ccepted the office to which he had been chosen, and made a speech to the Convention, acknowledging with gratitude the expression of their confidence in calling him to that high station.
He was in an embarrassing position.
His Union speeches in November and January
See pages 54 to 57, inclusive. were yet ringing in the ears of the people, and his present attitude needed explanation.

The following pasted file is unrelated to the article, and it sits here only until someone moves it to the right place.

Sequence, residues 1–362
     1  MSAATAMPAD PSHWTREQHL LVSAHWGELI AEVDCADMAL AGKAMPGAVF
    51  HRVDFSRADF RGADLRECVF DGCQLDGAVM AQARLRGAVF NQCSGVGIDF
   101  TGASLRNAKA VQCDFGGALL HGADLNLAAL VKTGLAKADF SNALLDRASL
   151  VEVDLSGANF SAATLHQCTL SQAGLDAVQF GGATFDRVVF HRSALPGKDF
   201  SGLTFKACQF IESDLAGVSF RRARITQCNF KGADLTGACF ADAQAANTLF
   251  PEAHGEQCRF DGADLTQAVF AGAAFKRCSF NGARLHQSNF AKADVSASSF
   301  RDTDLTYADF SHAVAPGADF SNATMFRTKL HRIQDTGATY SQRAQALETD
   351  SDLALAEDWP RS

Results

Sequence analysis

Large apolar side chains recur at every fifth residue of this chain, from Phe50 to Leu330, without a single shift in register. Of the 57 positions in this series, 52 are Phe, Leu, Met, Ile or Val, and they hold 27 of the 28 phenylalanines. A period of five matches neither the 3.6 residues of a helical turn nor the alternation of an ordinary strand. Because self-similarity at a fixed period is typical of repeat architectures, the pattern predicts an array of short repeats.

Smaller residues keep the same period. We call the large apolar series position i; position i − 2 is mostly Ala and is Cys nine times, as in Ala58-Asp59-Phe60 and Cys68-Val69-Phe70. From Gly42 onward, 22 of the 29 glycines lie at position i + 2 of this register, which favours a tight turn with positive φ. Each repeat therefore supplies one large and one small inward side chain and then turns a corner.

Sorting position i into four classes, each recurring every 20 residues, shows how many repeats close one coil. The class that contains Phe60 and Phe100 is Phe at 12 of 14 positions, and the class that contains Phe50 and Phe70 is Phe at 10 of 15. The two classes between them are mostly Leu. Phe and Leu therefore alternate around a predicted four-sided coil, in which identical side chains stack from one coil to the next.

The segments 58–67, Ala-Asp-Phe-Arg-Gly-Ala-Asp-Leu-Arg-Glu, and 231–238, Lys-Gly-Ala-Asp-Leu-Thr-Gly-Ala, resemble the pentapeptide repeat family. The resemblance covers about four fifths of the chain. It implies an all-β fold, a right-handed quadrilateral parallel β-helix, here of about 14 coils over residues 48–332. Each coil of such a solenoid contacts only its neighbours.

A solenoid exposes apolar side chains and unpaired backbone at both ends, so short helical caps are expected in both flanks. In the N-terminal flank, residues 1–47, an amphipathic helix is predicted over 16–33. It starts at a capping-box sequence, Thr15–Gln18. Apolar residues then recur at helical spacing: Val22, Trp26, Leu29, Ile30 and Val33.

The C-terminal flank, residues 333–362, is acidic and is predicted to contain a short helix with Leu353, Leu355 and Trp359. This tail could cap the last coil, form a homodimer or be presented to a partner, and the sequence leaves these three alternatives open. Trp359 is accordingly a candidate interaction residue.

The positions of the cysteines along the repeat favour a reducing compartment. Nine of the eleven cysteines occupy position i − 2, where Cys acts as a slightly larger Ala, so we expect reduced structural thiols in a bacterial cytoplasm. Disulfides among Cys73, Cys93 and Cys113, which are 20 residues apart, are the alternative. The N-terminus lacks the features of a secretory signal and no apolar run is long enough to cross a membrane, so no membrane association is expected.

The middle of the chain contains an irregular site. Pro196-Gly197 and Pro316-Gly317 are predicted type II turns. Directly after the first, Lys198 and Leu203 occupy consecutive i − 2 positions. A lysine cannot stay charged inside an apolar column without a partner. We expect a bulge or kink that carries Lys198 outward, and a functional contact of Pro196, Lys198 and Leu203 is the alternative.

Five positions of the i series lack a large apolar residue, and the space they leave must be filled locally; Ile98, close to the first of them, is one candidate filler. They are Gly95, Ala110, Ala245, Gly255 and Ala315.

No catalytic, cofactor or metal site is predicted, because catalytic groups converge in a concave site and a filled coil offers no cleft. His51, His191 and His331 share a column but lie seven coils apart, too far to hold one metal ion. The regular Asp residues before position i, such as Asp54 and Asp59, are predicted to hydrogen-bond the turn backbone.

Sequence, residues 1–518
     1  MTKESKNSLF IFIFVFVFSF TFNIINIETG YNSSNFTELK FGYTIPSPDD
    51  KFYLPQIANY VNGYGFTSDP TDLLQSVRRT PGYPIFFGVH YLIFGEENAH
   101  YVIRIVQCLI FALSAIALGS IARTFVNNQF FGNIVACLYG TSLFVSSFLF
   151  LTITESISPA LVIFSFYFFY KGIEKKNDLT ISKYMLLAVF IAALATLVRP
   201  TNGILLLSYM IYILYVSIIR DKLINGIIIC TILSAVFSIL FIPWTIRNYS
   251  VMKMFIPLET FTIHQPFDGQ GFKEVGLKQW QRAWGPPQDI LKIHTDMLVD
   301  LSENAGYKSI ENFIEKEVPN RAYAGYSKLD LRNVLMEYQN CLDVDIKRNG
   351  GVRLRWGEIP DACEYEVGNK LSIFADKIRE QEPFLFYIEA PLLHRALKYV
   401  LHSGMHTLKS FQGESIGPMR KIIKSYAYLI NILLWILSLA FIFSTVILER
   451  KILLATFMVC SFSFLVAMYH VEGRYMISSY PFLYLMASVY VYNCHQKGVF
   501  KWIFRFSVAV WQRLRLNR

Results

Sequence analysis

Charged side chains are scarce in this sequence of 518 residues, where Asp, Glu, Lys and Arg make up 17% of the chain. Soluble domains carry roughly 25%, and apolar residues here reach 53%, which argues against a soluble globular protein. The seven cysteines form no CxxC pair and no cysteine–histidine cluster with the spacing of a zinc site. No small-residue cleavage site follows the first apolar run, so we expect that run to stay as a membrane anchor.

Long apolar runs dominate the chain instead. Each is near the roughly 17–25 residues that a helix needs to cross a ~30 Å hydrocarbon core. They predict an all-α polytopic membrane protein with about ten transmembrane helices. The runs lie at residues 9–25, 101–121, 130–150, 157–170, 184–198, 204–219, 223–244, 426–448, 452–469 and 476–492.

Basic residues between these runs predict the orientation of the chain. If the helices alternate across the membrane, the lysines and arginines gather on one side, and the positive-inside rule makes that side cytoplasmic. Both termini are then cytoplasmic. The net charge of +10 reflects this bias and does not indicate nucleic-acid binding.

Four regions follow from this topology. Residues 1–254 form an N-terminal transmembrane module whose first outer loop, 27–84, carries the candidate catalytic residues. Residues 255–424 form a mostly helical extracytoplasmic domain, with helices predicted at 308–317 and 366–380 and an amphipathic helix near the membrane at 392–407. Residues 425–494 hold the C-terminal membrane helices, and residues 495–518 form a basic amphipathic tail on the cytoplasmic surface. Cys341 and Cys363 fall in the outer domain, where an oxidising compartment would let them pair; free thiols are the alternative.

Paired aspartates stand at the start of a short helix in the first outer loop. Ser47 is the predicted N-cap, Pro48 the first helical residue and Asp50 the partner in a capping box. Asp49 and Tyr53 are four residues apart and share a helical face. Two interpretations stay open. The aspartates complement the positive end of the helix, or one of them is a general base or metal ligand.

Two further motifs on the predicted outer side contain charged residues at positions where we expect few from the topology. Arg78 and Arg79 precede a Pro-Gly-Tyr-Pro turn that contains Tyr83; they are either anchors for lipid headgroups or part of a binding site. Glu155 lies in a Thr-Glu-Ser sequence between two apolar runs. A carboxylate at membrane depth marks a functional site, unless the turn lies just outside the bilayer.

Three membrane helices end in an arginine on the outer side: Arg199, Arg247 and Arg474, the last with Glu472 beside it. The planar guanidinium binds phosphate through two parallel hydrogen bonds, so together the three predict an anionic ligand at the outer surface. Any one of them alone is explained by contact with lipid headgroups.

He thought it prudent not to attempt any explanation, and simply remarked: It is sufficient for me to say, that it may be deemed questionable if any good citizen can refuse to discharge any duty which may be assigned him by his country in her hour of need.
At Milledgeville, in November,
See page 54. Mr. Stephens's vision of his c country embraced the whole Republic, from the Atlantic to the Pacific ocean, and from the region of ice to the region of perpetual bloom, with a population of more than thirty millions.
At Montgomery, in February--ninety dayslater — he saw his country dwarfed to the insig